### Covariate analysis

10-fold cross validation using a logistic regression model of sex, neuter status, and body weight reached an AUC = 0.734 (0.032).

## Discussion

This work demonstrates that it is feasible to predict ACL rupture using SNP data and relevant covariates from dogs within the Labrador Retriever breed with a sufficient sample size. For all models except KNN, the best predictions were achieved when covariates were considered in the analysis. This is reasonable, as the heritability of ACL rupture in dogs has been estimated between 0.3 and 0.5 (Nielen *et al.* 2001; Wilke *et al.* 2006; Baker *et al.* 2017), which means a substantial proportion of variance for ACL rupture is explained through environmental effects. When the genomic profile is considered alone, the maximum AUC that can be achieved in a classifying algorithm is dependent upon heritability of the trait and disease prevalence. As the disease prevalence of ACL rupture in the Labrador Retriever is 0.0579 (Witsberger *et al.* 2008), the maximum achievable AUC in a model that explains 100% of genetic variance, assuming a heritability of 0.4, is 0.86 (Wray *et al.* 2010). Given our relatively small sample size, the density of our SNP dataset, and prior evidence supporting the hypothesis that ACL rupture is highly polygenic (Baird *et al.* 2014; Baker *et al.* 2017), it is unlikely that we can explain 100% of genetic variance, and therefore, while the AUC we were able to achieve using SNP data alone appears relatively poor, it is reasonable given the heritability and prevalence of ACL rupture in the Labrador Retriever population. Notably, the maximum AUC that can be achieved with a genomic profile that explains one quarter of genetic variance is 0.69, which is closer to the estimates achieved in this exploratory analysis, but indicates that much of the genetic variance of ACL rupture in this population remains unexplained by our genotyping dataset.

We performed genomic prediction using five Bayesian regression models that differed principally in the prior chosen for the effect distribution of the SNPs. In this study, the prediction performance across these five Bayesian models was roughly equivalent. This result was not entirely unexpected; while the prior chosen for a Bayesian model has been reported to influence inference of individual marker effects, predictive performance across models tends to be similar as long as they are tuned appropriately (Gianola 2013). It should also be noted that there is a mismatch between the prior assumptions used by these models and the genetic architecture of ACL rupture. ACL rupture is expected to be highly polygenic (Baker *et al.* 2017; Baker *et al.* 2018) and none of the priors used for the Bayesian models tested in this study model a polygenic architecture, where many SNPs are expected to have some effect, most with a very small effect size. Therefore, it is logical that no Bayesian model stood out in comparison to the others, as no model has the advantage of a prior that matched expected distribution of SNP effects.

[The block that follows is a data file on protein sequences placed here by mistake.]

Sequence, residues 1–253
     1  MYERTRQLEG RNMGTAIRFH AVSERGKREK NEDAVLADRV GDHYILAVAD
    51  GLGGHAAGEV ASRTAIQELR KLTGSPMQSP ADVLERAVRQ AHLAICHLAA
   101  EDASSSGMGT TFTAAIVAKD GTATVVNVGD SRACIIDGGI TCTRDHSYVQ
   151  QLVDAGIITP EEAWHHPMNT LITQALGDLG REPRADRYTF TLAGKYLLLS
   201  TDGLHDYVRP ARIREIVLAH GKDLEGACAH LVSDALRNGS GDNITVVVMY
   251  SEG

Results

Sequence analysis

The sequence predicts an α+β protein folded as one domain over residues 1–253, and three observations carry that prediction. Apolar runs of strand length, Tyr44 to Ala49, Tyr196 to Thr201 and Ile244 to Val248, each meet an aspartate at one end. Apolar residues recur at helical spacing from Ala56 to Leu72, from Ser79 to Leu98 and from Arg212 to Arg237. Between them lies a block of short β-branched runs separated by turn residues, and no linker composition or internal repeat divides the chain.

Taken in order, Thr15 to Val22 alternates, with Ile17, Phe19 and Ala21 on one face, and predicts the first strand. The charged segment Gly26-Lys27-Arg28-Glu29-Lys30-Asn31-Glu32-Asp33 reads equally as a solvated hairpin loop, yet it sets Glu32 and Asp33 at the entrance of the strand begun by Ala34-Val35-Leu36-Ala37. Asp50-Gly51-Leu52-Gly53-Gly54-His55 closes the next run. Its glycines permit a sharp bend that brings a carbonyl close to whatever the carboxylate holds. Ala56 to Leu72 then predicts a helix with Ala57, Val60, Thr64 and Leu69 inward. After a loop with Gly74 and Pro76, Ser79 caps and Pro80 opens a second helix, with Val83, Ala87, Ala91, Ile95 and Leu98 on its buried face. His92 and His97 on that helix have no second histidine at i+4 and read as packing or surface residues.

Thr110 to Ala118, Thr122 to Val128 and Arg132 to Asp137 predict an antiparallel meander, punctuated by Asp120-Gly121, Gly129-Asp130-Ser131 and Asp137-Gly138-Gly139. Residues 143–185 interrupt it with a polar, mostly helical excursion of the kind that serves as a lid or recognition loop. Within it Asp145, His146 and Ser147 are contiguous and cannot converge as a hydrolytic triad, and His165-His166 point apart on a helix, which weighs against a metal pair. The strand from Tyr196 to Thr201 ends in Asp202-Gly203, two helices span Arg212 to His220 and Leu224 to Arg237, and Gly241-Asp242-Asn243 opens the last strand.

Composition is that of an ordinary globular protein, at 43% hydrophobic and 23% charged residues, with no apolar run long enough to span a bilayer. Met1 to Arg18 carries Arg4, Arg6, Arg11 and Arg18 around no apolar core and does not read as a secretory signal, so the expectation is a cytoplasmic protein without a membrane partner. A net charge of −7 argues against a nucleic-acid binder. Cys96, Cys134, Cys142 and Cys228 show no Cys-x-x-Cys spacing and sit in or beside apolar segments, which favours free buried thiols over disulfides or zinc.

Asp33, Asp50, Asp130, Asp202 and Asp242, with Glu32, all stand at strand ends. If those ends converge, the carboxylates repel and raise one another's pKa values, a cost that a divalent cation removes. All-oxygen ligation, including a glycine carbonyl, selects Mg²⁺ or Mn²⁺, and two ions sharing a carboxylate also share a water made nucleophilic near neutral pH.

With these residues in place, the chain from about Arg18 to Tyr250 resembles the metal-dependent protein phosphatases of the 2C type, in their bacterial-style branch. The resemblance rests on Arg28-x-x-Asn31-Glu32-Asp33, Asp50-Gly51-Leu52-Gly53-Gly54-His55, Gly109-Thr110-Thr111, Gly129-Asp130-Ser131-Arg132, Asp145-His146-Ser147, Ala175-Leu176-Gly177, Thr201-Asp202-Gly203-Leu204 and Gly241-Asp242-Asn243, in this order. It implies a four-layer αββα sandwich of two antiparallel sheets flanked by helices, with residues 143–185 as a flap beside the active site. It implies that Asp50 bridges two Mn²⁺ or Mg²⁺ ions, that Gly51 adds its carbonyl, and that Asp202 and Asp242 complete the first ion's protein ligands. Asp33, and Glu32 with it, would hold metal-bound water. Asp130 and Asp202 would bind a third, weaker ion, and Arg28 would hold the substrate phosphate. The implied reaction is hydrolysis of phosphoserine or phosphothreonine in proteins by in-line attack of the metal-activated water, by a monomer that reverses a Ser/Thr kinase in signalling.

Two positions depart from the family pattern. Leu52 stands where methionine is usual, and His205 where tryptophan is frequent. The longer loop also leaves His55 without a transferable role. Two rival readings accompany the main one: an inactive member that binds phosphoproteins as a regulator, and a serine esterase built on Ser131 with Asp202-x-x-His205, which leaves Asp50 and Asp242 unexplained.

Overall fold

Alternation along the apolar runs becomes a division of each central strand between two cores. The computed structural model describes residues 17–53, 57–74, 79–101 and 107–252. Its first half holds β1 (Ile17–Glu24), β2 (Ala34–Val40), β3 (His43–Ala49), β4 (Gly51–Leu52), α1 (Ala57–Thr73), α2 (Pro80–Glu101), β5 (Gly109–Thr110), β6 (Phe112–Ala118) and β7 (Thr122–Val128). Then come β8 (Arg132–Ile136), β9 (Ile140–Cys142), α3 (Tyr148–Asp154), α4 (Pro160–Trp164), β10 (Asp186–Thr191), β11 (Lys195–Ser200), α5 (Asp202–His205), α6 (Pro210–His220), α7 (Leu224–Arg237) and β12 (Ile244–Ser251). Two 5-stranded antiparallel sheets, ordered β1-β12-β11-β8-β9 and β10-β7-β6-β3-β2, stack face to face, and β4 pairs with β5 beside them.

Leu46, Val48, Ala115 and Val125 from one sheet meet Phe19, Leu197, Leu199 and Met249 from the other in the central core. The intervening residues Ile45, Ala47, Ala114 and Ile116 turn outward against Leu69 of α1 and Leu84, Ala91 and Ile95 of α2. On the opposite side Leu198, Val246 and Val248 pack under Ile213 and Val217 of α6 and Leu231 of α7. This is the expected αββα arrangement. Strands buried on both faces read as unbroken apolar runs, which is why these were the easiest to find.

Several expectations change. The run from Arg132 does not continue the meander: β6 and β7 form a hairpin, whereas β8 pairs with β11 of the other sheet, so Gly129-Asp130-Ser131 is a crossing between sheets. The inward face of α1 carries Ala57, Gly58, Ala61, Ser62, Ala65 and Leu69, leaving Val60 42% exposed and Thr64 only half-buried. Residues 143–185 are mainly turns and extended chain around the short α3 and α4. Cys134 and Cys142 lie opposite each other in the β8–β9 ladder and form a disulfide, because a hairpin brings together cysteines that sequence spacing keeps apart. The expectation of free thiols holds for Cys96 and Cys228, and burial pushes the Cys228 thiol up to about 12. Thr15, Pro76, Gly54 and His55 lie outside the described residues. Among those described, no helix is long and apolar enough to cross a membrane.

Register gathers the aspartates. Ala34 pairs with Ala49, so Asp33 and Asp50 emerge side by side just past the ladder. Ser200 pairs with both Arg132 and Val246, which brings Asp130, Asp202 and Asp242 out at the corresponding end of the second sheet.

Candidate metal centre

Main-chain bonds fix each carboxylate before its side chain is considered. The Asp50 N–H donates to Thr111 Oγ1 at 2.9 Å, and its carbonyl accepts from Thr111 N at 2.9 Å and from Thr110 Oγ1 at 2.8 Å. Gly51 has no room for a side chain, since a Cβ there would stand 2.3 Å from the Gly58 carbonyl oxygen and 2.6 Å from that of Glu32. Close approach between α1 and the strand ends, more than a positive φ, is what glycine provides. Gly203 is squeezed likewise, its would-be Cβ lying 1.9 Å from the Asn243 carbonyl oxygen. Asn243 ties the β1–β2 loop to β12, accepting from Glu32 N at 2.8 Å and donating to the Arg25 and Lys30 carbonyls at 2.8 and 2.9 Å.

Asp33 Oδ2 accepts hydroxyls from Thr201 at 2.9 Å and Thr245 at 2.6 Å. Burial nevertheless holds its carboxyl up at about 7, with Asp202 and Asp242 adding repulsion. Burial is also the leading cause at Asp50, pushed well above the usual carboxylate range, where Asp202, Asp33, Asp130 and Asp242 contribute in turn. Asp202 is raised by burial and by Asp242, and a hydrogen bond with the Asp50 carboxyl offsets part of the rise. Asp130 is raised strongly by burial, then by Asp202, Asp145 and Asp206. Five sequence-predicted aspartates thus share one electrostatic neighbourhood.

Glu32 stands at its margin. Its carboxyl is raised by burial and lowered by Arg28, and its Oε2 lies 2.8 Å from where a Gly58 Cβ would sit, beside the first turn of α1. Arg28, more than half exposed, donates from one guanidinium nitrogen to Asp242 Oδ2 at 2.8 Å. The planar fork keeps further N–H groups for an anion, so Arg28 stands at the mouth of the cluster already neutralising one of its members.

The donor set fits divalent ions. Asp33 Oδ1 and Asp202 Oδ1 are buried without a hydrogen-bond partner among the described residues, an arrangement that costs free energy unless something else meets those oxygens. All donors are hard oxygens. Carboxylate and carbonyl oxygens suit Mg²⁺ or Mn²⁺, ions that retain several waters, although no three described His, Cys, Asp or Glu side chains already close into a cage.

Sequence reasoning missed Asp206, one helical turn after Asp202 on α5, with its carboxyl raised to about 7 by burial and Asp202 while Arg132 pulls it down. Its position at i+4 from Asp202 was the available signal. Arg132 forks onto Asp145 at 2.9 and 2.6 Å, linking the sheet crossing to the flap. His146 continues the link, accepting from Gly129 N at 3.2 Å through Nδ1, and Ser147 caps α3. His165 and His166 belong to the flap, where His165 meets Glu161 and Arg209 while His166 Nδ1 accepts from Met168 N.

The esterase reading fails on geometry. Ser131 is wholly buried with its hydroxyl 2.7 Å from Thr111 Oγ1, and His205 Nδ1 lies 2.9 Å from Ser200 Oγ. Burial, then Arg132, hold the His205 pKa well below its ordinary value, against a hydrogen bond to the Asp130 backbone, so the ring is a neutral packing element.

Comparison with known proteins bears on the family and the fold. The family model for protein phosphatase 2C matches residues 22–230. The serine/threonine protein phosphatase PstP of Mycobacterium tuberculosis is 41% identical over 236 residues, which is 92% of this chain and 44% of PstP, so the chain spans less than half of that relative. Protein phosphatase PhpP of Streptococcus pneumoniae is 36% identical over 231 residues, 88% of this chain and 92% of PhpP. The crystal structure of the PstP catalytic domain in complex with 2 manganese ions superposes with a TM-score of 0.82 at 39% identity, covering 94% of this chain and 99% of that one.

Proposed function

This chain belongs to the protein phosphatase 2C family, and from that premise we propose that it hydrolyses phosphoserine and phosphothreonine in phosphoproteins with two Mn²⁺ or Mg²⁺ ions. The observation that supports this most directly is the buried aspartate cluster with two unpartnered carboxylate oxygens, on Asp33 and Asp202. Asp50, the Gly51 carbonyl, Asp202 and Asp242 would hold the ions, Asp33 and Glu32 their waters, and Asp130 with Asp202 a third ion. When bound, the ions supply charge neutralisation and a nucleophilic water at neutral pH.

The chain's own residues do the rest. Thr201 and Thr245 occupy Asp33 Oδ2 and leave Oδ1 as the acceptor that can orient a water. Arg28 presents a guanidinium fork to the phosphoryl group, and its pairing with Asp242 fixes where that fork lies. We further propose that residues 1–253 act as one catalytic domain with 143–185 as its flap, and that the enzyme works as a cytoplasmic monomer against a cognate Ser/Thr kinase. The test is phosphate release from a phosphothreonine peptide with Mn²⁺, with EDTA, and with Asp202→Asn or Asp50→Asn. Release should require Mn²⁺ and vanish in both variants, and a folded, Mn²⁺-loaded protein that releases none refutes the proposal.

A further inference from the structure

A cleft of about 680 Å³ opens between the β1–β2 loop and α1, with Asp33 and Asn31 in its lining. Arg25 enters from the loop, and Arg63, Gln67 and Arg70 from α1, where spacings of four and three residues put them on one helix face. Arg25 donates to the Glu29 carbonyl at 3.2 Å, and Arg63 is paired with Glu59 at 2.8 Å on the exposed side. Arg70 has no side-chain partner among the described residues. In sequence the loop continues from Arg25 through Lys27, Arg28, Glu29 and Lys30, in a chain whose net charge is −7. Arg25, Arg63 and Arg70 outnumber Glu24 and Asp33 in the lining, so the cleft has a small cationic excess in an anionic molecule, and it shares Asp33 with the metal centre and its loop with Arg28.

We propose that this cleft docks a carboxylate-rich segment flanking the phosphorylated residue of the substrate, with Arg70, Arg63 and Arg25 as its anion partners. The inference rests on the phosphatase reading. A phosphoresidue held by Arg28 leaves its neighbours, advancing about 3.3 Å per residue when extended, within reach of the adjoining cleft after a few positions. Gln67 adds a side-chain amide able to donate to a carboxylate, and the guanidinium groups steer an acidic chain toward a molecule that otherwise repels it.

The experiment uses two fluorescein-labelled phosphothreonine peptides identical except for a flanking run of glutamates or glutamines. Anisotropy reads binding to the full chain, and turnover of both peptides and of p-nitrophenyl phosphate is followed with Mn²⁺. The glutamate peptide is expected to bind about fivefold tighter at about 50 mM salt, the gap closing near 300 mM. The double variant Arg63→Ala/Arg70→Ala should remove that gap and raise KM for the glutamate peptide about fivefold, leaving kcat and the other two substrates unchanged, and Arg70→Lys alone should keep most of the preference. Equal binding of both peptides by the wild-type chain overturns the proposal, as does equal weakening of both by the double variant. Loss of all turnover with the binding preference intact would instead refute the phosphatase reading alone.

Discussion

Prediction performance of the machine learning models was similar to the Bayesian models, with the best-performing classifiers slightly out-performing Bayesian regression. When covariates were not considered, all models performed similarly. All models except for KNN showed increased performance when covariates were included as features in the model, and in these scenarios, peak prediction performance was achieved with 5-10 SNPs. Of the classifiers, GBT and wRF tended to out-perform the simpler classifiers. Both NB and KNN struggle when the number of inputs is large, so their weakness here is perhaps unsurprising. Overall, the best performing model was GBT, and its performance remained fairly consistent as more SNPs were included as model features.

When covariates were considered independently, the average AUC achieved was only slightly lower than the top-performing classifiers. This indicates that the majority of the accuracy of prediction is relying on the inclusion of covariate risk factors for ACL rupture, though a small number of SNPs may be providing data that are sufficiently informative to improve prediction. It should be noted that dog weight is itself a complex trait that is partly genetically determined, so the covariates included in this study may also be capturing genetic effects at some level. Two of the ACL rupture risk factors that were included in this study are modifiable variables (dog weight and whether a dog was neutered). Ideally, a genomic prediction algorithm would identify high-risk dogs without these variables, so that clinical action could be taken to reduce risk. For example, the link between neutering and ACL rupture may only refer to dogs who are neutered before one year of age, which is common clinical practice (Torres de la Riva *et al.* 2013). Neutering could then be delayed for dogs at high risk of ACL rupture. Age of neutering was not recorded for the present data. A similar approach could apply to counseling owners on the importance of maintaining a healthy adult weight. This is an important consideration for future models, which should try to capture as much genetic variance as possible so the model will rely less on covariates for predictive accuracy.